August 8 African American Historical Events

* Today in Black History – August 8 *

1796 – Boston African Society is established with 44 charter
members.

1805 – The First African Baptist Church is organized in Boston,
Massachusetts, under the leadership of Thomas Paul. It
will be the first congregation to worship at the
African Meeting House, which will be established on
December 6, 1806 (It is the oldest church building in
the United States built for and by African Americans).

1843 – Natal (in South Africa) is made a British colony.

1866 – Matthew Alexander Henson is born in Nanjemoy, Maryland. He
will become an explorer and associate of Robert Peary
during various expeditions. The most famous will be the
1909 expedition on which he will become the first person
to reach the Geographic North Pole. In 1912, he will write
the book, “A Negro Explorer at the North Pole”, about his
arctic exploration. He will be largely ignored afterward
and will spend most of the next thirty years working as a
clerk in a federal customs house in New York. In 1944,
Congress will award him a duplicate of the silver medal
given to Admiral Peary in 1911. In 1947 he will collaborate
with Bradley Robinson on his biography, “Dark Companion.”
Presidents Harry S Truman and Dwight D. Eisenhower, will
both honor him prior to his death. He will join the
ancestors in the Bronx, New York, on March 9, 1955, at the
age of 88. He will be buried at Woodlawn Cemetery. In 1961,
a plaque will be installed to mark his Maryland birthplace.
In 1988, he and his wife’s remains will be exhumed and
reburied at Arlington National Cemetery, near the grave of
Admiral Peary and his wife.

1907 – Saxophonist Bennett Lester “Benny” Carter is born in New
York City. He will play initially at age 23 and form his
own big band in 1940. Carter will either play with,
conduct or write arrangements for Dizzy Gillespie, Duke
Ellington, Quincy Jones, and many others. He will be a
major figure in jazz from the 1930s to the 1990s, and
recognized as such by other jazz musicians who called him
King. In 1958, he will perform with Billie Holiday at the
legendary Monterey Jazz Festival. The National Endowment
for the Arts willhonor him with its highest honor in jazz,
the NEA Jazz Masters Award for 1986. He will be awarded
the Grammy Lifetime Achievement Award in 1987, win the
Grammy Award in 1994 for his solo “Prelude to a Kiss”,
and also the same year, receive a star on the Hollywood
Walk of Fame. In 2000 he will receive the National
Endowment for the Arts’, “National Medal of Arts,”
presented by President Bill Clinton. He will join the
ancestors on July 12, 2003.

1921 – James John “Jimmy” Witherspoon is born in Gurdon, Arkansas.
He will become a blues singer and will be featured on over
200 albums and be best known for songs such as “Ain’t
Nobody’s Business If I Do,” “Some Of My Best Friends Are
the Blues” and “Blue Spoon.” He will join the ancestors on
September 18, 1997 after succumbing to throat cancer..

1933 – Joseph “Joe Tex” Arrington, Jr. is born in Baytown, Texas.
He will become a singer/songwriter. He will be known for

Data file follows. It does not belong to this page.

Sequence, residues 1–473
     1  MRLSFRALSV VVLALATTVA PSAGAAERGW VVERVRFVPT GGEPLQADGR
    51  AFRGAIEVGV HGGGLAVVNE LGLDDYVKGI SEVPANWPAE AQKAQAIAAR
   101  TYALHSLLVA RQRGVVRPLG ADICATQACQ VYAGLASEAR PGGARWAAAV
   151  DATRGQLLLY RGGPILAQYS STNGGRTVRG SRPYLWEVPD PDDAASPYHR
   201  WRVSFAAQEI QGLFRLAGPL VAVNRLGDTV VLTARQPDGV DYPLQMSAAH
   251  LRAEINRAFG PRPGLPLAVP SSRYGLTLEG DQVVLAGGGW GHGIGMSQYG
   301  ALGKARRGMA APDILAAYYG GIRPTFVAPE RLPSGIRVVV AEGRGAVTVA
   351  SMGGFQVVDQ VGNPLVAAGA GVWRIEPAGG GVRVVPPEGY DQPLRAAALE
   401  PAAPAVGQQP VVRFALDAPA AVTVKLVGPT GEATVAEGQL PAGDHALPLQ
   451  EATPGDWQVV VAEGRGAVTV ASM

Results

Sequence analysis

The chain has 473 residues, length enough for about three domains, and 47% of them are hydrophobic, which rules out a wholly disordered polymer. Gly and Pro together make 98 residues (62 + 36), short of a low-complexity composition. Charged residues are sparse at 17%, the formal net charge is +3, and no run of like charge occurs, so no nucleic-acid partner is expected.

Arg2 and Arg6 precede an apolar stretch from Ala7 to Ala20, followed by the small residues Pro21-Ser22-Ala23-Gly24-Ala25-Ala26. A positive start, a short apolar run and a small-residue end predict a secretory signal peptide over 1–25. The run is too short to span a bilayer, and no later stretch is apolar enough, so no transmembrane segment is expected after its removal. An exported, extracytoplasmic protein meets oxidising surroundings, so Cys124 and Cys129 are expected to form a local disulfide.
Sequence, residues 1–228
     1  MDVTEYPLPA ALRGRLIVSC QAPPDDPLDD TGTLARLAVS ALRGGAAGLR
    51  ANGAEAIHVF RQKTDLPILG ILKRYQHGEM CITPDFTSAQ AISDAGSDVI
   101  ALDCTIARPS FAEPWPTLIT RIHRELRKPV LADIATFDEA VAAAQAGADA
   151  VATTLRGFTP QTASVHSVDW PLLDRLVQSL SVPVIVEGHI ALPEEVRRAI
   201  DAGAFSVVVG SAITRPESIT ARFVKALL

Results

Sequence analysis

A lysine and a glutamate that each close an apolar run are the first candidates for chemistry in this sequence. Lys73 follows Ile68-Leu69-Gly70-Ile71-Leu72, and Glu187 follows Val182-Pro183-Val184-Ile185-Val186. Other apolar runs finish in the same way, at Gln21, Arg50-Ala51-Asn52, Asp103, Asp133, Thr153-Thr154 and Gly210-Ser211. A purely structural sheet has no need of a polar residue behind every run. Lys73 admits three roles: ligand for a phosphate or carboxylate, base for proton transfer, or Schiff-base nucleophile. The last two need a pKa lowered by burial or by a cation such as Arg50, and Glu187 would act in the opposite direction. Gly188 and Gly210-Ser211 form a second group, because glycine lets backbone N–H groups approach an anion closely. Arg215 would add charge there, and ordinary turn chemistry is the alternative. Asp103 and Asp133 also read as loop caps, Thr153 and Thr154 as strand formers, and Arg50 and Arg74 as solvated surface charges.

his recordings of “I Gotcha”, “Hold What You’ve Got”,
“Skinny Legs and All”, and “Ain’t Gonna Bump No More”(With
No Big Fat Woman.” After converting to the Muslim faith in
1966 and changing his name to Yusuf Hazziez, he will tour
as a spiritual lecturer. He will join the ancestors (at
home in Navasota, Texas) on August 13, 1982, succumbing to
a heart attack.

1934 – Julian Carey Dixon is born in Washington, D.C. He will be
elected to the California State Assembly as a Democrat in
1972, and serve in that body for three terms. He will be
elected to the House of Representatives, representing
California’s 28th District, in 1978. He will chair the
rules committee at the 1984 Democratic National Convention
and the ethics probe into House Speaker Jim Wright. Dixon
will win re-election to the 107th United States Congress,
will join the ancestors, after succumbing to a heart attack,
on December 8, 2000.

1960 – Ivory Coast declares independence from France.

1968 – A racially motivated disturbance breaks out in Miami,
Florida.

1974 – Roberta Flack receives a gold record for the single, “Feel
Like Makin’ Love”. Flack, born in Asheville, North
Carolina and raised in Arlington, Virginia, had been
awarded a music scholarship to Howard University in
Washington, D.C., at the age of 15. One of her
classmates, Donny Hathaway, became a singing partner on
several hit songs. He joined her on “You’ve Got a Friend”,
“Where is the Love” and “The Closer I Get to You”. She will
have 10 hits on the pop charts in the 1970s and ’80s.

1975 – Julian “Cannonball” Adderley joins the ancestors at the age
of 47 in Gary, Indiana.

1984 – Carl Lewis wins the 3rd (200 meter sprint) of 4 gold medals
at the Los Angeles Summer Olympics.

2005 – Publisher John H. Johnson, whose Ebony and Jet magazines
countered stereotypical coverage of African Americans
after World War II and turned him into one of the most
influential African American leaders in America, joins the
ancestors at the age of 87.

Information retrieved from the Munirah Chronicle and is edited by Mr. Rene’ A. Perry.

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